The ‘Telegestore’ project has seen 23 million smart meters installed since 2003. The project was undertaken by Enel, a former vertically integrated monopoly that still dominates the market in generation, distribution and retailing, despite the gradual introduction of retail competition, and was funded by the Italian government.

Companies must offer a ‘base tariff’ to consumers and may also offer their customers other tariff options. Both base tariffs and alternative tariff options are subject to the regulator's (Autorità per l'energia elettrica e il gas) approval. Alternative options to the base tariff include tariffs differentiated by time (peak, high, medium, off-peak) according to a customer’s meter’s ability. Furthermore, retailers must comply with the EU’s ‘White Certificate Scheme’ to encourage energy savings. Approximately 16% of generation in Italy is from renewable sources.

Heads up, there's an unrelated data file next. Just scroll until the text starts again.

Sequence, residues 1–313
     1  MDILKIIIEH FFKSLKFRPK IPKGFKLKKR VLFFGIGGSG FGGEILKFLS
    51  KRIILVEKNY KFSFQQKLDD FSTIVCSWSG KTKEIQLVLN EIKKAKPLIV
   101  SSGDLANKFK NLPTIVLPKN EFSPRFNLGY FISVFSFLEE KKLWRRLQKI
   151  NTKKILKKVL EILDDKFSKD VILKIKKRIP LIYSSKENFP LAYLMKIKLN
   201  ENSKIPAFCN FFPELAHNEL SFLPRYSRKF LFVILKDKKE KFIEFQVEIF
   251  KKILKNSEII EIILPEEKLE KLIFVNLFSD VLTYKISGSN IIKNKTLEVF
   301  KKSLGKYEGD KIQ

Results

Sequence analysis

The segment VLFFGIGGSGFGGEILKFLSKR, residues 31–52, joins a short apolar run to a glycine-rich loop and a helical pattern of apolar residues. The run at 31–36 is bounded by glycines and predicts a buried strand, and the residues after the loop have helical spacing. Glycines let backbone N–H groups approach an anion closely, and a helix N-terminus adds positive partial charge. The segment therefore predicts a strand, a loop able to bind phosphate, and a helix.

1. Discuss the work of IPART(Independent Pricing and Regulatory Tribunal).
  2. What is the meaning of 'peak' and 'off-peak' charges in this case study?
  3. Who are the regulated rate provider in Alberta, Canada. Discuss their strategies.
  4. Out of all these countries, which country has the most efficient Tariff system? Why?

What do you infer from this Case study?